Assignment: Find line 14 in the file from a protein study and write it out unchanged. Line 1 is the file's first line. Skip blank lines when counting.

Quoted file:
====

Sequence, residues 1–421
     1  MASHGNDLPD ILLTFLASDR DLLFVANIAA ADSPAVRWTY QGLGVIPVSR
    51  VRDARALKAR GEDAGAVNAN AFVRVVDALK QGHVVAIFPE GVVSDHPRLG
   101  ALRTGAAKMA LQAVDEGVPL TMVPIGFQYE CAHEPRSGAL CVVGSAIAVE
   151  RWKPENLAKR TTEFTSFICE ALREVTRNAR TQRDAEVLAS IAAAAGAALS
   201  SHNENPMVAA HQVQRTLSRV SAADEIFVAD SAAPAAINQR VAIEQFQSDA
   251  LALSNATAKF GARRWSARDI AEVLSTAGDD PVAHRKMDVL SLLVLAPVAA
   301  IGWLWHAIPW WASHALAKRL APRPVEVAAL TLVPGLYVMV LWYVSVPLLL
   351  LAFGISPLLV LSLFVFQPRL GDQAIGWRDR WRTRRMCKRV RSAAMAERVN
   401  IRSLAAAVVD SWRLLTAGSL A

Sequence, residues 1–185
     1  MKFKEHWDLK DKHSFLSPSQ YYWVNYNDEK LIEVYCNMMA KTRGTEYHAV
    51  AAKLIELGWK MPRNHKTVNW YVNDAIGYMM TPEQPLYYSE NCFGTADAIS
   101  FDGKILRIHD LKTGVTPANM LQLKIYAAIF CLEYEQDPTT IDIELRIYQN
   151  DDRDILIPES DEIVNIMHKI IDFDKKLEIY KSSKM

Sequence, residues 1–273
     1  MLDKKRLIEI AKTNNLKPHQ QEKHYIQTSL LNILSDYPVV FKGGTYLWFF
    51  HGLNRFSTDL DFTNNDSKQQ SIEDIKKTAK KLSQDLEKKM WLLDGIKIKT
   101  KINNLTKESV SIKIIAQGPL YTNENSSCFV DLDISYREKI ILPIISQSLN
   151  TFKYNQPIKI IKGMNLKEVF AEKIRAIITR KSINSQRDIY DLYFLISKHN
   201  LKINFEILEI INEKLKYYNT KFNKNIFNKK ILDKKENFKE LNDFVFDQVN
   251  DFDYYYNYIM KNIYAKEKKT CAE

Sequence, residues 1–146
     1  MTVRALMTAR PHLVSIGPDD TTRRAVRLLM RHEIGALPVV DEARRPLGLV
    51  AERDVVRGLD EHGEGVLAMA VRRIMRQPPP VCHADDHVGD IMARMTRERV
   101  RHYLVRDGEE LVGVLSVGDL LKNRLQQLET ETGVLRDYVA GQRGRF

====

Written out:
   101  FDGKILRIHD LKTGVTPANM LQLKIYAAIF CLEYEQDPTT IDIELRIYQN